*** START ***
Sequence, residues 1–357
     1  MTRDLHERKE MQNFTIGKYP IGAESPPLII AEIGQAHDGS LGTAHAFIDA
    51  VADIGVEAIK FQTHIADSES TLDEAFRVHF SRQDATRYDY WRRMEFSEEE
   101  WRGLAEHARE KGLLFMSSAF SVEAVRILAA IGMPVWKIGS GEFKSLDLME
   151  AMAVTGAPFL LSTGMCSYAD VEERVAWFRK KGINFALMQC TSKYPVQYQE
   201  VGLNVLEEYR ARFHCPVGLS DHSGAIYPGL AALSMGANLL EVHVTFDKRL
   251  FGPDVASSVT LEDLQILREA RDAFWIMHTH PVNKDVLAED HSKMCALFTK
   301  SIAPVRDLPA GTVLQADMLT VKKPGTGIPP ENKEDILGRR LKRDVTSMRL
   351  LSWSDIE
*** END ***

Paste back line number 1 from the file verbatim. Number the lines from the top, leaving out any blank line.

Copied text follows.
Sequence, residues 1–357